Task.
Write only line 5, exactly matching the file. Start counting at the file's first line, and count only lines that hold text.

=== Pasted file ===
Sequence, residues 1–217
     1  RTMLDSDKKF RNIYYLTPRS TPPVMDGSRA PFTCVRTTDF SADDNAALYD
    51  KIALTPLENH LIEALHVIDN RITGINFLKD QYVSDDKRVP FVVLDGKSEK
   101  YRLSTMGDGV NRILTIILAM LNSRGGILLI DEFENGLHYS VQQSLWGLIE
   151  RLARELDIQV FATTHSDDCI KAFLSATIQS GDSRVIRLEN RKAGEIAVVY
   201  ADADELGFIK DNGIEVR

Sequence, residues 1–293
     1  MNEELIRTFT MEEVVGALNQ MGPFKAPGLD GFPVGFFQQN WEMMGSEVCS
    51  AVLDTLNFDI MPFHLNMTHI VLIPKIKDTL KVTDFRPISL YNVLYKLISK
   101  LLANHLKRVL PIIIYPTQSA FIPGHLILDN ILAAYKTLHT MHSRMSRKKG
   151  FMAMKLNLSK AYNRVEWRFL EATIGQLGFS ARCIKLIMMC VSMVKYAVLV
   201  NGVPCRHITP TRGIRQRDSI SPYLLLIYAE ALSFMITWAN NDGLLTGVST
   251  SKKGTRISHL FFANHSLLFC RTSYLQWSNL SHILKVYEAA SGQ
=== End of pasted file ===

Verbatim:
   151  RLARELDIQV FATTHSDDCI KAFLSATIQS GDSRVIRLEN RKAGEIAVVY